Make an Exciting Warhammer 40k Narrative Force 5 Easy Steps

For many people, Warhammer 40K is the matched play / competitive scene. And there’s nothing wrong with that! I love a rousing game of plastic mans vs a skilled opponent. I also love the narrative mode of play, called Crusade. What I love most of all is that it’s possible to get the best of both worlds by using a Narrative Force.

What is a Narrative Force?

A narrative force in Warhammer 40K is any group of units with a story attached. If you have a cool story about who your units are and why they’re fighting, it’s a narrative force. You don’t need to be playing a crusade to have a narrative force, although you can. The crusade rules in Warhammer 40K are often well-suited to telling cool stories.

Having a narrative force doesn’t stop you from playing matched play, or open play. You don’t have to roll for battle scars or spend requisition points. All you need is your imagination and the desire to add a little context around the battles your army is fighting.

Why Develop a Narrative Force?

Let’s face it. If you’re playing Warhammer 40K you’re a nerd. You might also be a geek or a dork. It’s okay, though. Nerds are cool now! All the things that used to get us laughed at in high school are Popular Culture these days. Henry Cavill likes Warhammer, and he’s hot, so it must be cool.

I can’t speak for all nerds, but I’m going to anyway. Nerds, geeks, and dorks love story. Especially stories that make sense within the context of fantastical settings.

Don’t believe me? Take the old Star Wars Extended Universe.

The authors in that sandbox got up to some ridiculous shenanigans. They dropped a planet on Chewie. A planet. But people loved it! When Disney came along and said, “nah, none of that” the people revolted. Why? Because they were invested in the story.

Warhammer 40K is a grim, dark (some might say grimdark) satire. It uses exaggeration as a commentary on the worst of humanity’s excesses. The stories you can tell in the 40K sandbox are human and easy to connect with. Striving against insurmountable odds or failing gloriously in the attempt, your force marches ever on. Even if they’re not human. Even if they’re Tyrannids. The bugs are hungry for biomass. As the youths would say: “mood.”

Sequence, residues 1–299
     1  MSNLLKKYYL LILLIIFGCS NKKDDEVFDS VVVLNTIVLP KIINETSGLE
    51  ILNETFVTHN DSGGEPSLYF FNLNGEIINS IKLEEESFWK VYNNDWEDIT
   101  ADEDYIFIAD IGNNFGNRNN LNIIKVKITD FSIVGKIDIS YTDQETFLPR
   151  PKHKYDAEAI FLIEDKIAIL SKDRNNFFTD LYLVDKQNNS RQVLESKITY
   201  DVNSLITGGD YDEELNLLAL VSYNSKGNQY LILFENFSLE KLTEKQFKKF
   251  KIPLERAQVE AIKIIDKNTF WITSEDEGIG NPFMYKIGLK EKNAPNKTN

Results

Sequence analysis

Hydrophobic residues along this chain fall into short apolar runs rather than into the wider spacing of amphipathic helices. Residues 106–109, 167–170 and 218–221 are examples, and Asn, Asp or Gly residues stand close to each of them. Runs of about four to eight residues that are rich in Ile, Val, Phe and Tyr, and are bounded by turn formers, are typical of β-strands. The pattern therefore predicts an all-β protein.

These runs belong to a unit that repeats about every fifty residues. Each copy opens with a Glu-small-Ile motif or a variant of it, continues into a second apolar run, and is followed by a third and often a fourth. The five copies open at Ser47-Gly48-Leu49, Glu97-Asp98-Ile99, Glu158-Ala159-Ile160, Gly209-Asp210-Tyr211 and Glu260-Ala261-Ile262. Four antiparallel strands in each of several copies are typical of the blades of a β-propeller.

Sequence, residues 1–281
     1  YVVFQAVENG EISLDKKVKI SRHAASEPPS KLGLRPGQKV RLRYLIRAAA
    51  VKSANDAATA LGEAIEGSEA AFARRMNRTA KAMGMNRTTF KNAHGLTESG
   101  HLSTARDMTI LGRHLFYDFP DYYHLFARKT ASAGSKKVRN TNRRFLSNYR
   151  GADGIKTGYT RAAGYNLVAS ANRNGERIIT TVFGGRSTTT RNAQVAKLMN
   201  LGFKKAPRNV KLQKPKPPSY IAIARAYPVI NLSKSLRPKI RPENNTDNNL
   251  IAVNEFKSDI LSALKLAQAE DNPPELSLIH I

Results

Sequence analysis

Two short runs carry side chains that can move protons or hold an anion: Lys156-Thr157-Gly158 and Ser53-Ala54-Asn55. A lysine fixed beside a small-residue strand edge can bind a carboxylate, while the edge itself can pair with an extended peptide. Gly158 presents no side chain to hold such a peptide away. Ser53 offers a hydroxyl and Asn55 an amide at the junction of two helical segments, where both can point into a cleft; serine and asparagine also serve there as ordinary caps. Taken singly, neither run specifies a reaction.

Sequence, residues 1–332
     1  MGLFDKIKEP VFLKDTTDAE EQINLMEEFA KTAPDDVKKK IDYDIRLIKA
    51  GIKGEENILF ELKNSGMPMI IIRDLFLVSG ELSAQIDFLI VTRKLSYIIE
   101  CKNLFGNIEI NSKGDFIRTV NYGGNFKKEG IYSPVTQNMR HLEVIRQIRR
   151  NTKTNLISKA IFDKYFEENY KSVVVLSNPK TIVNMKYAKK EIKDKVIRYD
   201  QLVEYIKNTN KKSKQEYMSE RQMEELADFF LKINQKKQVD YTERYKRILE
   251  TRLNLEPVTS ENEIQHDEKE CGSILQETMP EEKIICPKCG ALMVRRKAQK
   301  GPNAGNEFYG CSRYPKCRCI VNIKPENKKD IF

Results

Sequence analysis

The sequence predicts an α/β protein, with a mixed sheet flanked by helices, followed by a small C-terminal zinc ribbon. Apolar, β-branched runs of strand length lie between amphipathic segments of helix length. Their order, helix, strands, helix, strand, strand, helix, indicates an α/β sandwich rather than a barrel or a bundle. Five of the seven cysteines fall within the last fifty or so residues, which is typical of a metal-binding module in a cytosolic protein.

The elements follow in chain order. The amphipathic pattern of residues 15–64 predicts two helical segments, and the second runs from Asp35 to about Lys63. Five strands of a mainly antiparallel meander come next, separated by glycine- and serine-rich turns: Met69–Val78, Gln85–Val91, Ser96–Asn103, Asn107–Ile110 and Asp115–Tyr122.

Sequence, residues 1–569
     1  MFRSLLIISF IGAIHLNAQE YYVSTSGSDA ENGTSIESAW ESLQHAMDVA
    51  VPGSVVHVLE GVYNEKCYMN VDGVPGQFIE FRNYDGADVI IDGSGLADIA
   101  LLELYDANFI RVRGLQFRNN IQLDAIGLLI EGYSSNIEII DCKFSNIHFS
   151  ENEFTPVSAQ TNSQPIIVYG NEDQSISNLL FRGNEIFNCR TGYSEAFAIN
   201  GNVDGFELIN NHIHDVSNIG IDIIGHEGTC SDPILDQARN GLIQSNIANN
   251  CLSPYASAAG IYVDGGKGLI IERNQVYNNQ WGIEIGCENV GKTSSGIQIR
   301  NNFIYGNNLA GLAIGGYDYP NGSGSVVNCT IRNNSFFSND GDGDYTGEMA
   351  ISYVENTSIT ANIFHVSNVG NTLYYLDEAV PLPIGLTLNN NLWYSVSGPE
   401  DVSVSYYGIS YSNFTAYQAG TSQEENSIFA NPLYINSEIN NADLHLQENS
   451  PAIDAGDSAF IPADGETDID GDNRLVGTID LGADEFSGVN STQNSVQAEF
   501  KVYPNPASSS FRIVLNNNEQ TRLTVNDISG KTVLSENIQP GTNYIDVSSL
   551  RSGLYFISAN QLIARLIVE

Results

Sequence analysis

How to Develop a Narrative Force

Now that I’ve convinced you that fielding a narrative force in Warhammer 40K is awesome, here’s how to do it.

Step 1: What Are They?

This might seem a bit silly to point out, but you have to know which kind of force you’re building before you can do the rest. Are they space marines? Are they Aeldari? What about T’au? I like to start by building a list. If you’re trying to be competitive in the meta, you’ll definitely want to start with building a list.

Let the units you want to pick, for whatever reason you want to pick them, inform the rest of the process.

It’s a lot more fun if you’re excited about the units you’ll field than if you’re taking something you don’t like. Don’t worry about “it makes sense in the story.” It’s your story. You get to make it up. Start with units that spark joy.

Step 2: Where Are They?

The galaxy is a big place. Warhammer divides it into roughly four quadrants called Segmentums. I say roughly because there’s also the center bit. So, technically, there are five Segmentums.

The center bit is the Segmentum Solar, home to holy Terra. Obscurus is to the North, Ultima the East, Tempestus the South, and Pacificus the West.

Games Workshop has focused the story in different Segmentums at different times. Much of the current focus has been on the Segmentum Ultima, home of both Charadon and Octarius. The next season of Warhammer 40K focuses on the Vigilus system in the Segmentum Obscurus.

Consider whether and to what extent you want your narrative force to take part in the official story. Will you be running the most recent crusade mission packs? If so, then it makes sense to be nearby. If not, the galaxy is your oyster.